So a number of students, media members, and colleagues have been asking this afternoon what I think of NBA Commissioner Adam Silver’s lifetime ban of Clipper’s owner Donald Sterling following the release of racist comments apparently directed at his mixed-race mistress. (Silver says the league will also fine Sterling $2.5 million and do “everything in his power” to force Sterling to sell the franchise.) I guess I’m glad that the league came down hard and did so quickly. Sterling’s most recent comments are obviously just the tip of the iceberg—his whole history of racist attitudes and behaviors, and the fact that he had the wealth and power to actually act upon these views reminds of the familiar definition of racism: prejudice + power. I still have no idea how this guy was set to receive a Lifetime Achievement award (was it his second?) from the NAACP in LA.

But I will also say that I am worried that this quick and definitive resolution may not be the best thing for our collective understanding of American racism, racial injustice, and race relations. This, because I think the particulars of this case–both the old fashioned prejudice and bigotry of Sterling’s comments and that it has unfolded in an extremely unusual, racially glorified arena –can distract us from the deeper realities and problems of race and racism in contemporary America: the subtler kinds of stereotypes and obfuscating ideologies that still circulate in and through popular cultural practices such as basketball, for example, or the bigger, structural issues of discrimination, segregation, and inequity that most African Americans and other people of color live with everyday. These are still all around us–and quick and easy solutions to the most obvious and extreme forms of prejudice in the completely atypical arena of professional basketball don’t help us get there. This is the danger of playing out our racial dramas and debates in and though popular cultural forms such as sport (much as I have made a bit of a career analyzing such incidents and exchanges).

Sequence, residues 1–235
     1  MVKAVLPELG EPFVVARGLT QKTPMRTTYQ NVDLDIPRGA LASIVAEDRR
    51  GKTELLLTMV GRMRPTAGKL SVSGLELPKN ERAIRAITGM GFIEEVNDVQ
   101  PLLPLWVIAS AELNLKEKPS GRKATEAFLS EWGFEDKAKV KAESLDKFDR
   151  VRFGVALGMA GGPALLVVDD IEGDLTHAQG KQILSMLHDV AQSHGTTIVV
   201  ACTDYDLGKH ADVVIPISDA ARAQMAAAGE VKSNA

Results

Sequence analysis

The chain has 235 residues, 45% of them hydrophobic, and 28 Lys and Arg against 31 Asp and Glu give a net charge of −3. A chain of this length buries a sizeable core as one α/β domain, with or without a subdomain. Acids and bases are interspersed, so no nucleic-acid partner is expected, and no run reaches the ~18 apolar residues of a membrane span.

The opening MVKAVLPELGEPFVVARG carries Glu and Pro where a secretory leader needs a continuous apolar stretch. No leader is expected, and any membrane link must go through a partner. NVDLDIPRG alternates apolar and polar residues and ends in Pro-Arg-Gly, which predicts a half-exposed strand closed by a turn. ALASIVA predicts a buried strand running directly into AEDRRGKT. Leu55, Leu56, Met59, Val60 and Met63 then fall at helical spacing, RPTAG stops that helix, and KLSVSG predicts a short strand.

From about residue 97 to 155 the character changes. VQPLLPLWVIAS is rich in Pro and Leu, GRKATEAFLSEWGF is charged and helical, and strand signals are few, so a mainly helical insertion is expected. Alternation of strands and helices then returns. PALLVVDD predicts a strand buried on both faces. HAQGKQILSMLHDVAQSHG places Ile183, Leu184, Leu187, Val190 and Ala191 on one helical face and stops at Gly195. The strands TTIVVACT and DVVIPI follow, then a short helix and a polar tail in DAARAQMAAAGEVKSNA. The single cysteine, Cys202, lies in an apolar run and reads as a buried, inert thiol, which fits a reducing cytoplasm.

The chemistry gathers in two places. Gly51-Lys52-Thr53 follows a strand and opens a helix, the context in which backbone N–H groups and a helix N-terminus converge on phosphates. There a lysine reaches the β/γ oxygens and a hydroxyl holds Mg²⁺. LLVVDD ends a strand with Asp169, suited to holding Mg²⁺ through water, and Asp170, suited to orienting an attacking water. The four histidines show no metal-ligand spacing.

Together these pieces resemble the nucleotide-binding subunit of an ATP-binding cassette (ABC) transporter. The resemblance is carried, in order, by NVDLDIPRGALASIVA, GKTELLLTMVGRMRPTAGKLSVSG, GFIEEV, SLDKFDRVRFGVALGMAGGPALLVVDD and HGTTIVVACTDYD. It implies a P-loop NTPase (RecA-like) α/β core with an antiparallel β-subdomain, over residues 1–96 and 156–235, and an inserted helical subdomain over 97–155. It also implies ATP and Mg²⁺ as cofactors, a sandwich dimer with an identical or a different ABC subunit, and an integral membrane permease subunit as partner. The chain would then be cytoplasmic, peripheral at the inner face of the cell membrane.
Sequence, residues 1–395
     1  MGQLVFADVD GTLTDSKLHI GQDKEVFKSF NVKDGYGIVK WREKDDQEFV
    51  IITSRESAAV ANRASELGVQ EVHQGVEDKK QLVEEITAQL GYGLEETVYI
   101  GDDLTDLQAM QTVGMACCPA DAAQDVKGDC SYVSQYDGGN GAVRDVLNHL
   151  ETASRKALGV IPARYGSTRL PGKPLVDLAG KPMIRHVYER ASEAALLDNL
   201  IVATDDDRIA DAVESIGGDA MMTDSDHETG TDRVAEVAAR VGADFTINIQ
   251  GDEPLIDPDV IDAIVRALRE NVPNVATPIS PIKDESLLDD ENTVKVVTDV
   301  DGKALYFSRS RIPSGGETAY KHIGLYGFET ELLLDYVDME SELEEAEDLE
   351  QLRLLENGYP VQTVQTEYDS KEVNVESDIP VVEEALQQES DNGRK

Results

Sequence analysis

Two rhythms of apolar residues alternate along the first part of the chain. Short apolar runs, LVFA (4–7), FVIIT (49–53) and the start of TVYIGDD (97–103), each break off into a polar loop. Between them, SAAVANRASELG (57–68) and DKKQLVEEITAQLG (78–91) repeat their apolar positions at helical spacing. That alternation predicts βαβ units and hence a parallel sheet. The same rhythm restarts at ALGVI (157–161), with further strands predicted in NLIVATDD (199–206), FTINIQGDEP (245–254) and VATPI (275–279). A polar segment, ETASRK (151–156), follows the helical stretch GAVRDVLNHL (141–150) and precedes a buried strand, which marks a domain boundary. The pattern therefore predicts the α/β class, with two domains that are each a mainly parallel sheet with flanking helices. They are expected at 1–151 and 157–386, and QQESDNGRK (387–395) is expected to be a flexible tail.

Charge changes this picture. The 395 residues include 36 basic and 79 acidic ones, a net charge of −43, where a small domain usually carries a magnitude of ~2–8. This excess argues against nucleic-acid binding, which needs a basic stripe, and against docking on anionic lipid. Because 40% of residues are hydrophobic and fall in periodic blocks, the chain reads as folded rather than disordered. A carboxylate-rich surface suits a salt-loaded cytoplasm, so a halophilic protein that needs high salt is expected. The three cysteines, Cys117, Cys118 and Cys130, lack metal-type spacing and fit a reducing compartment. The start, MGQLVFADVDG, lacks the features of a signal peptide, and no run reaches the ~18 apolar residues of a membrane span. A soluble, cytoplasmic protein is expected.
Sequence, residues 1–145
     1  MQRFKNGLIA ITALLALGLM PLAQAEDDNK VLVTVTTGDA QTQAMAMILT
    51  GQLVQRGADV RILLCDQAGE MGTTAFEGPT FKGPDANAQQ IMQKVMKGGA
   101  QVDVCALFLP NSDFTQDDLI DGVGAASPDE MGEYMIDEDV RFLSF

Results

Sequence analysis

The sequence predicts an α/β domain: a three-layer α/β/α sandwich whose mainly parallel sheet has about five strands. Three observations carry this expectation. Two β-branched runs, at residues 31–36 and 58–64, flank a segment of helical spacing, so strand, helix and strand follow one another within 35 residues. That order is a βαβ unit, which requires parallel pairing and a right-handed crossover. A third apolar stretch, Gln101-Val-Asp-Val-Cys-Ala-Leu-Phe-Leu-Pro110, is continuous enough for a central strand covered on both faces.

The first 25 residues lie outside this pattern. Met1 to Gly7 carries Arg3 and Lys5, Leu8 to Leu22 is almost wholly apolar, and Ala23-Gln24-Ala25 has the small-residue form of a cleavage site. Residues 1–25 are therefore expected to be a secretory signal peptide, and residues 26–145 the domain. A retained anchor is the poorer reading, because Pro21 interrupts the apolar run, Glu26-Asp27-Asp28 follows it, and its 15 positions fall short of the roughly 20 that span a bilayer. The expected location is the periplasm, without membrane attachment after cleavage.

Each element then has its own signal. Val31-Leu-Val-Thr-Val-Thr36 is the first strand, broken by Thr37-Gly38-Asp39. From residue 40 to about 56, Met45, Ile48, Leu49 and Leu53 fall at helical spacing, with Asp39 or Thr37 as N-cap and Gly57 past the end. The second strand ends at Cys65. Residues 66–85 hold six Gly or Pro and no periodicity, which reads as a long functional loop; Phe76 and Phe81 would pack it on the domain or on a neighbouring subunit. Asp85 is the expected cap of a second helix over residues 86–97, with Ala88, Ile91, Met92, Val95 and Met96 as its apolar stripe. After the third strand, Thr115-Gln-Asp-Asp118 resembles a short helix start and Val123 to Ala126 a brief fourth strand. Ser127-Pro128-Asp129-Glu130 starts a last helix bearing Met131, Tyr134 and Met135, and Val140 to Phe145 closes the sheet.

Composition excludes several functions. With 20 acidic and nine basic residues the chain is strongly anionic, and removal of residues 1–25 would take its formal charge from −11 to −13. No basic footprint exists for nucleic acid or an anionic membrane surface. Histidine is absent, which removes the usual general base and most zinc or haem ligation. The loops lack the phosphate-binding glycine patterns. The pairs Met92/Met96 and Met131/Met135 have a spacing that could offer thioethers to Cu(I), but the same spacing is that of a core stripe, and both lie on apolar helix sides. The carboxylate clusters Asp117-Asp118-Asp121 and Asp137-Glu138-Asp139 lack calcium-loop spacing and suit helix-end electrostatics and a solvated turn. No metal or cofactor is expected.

This isn’t just me. I’ve been gratified to see sociologists from all over the country writing about this–and in fact using this incident in the world of sport to call attention to the larger, more complicated dynamics of race and racism that sit just beyond the view of the sports commentators and usual pundit discussion and outrage. One of my current favorites–I handed it out in my sport and society class this morning– is Joyce Bell and Wendy Leo Moore’s commentary last night in Racism Review (and this isn’t just because both of them were students of mine once upon a time). I mean, I think the title alone should lead you to click on the link and see what I mean: “Donald Sterling is ‘a Racist:’ Feel Better Now?”

Another came from Max Fitzpatrick, a sociology instructor at Central New Mexico Community College. He sent it to us here at TSP directly, so I’m going to post it directly below. What I love about Fitzpatrick’s take is his use of Karl Marx and Emile Durkheim to frame his basic, sociological points about not losing sight of the racial forest in the popular cultural trees. And let me just say that as someone who is teaching Intro to Sociology right now (perhaps Max F. is too?), I think is a great way to remind my students of the application and value of the classics for today’s issues. So, anyway, take it away, Max:

Recently there has been a lot of righteous finger-wagging at racist comments uttered by older white personalities. When celebrity chef Paula Deene, Los Angeles Clippers owner Donald Sterling, and rebellious rancher Cliven Bundy spoke bad words about black people, mainstream and social media pounced.